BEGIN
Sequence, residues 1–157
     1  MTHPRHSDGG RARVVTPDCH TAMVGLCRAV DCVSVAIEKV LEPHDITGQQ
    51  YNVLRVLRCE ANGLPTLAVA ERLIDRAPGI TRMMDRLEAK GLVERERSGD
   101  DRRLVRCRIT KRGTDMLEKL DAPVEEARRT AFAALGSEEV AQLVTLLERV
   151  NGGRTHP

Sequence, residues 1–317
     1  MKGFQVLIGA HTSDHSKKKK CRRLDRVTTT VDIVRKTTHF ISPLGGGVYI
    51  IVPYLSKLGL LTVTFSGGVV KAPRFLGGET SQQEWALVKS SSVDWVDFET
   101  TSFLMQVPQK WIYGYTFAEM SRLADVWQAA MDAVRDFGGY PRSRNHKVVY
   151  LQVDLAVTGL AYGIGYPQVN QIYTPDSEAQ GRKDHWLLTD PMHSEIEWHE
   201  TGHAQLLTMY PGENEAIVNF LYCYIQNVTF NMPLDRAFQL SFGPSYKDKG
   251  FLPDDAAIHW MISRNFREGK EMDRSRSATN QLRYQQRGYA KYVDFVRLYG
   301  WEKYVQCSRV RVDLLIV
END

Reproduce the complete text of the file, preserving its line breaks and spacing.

Sequence, residues 1–157
     1  MTHPRHSDGG RARVVTPDCH TAMVGLCRAV DCVSVAIEKV LEPHDITGQQ
    51  YNVLRVLRCE ANGLPTLAVA ERLIDRAPGI TRMMDRLEAK GLVERERSGD
   101  DRRLVRCRIT KRGTDMLEKL DAPVEEARRT AFAALGSEEV AQLVTLLERV
   151  NGGRTHP

Sequence, residues 1–317
     1  MKGFQVLIGA HTSDHSKKKK CRRLDRVTTT VDIVRKTTHF ISPLGGGVYI
    51  IVPYLSKLGL LTVTFSGGVV KAPRFLGGET SQQEWALVKS SSVDWVDFET
   101  TSFLMQVPQK WIYGYTFAEM SRLADVWQAA MDAVRDFGGY PRSRNHKVVY
   151  LQVDLAVTGL AYGIGYPQVN QIYTPDSEAQ GRKDHWLLTD PMHSEIEWHE
   201  TGHAQLLTMY PGENEAIVNF LYCYIQNVTF NMPLDRAFQL SFGPSYKDKG
   251  FLPDDAAIHW MISRNFREGK EMDRSRSATN QLRYQQRGYA KYVDFVRLYG
   301  WEKYVQCSRV RVDLLIV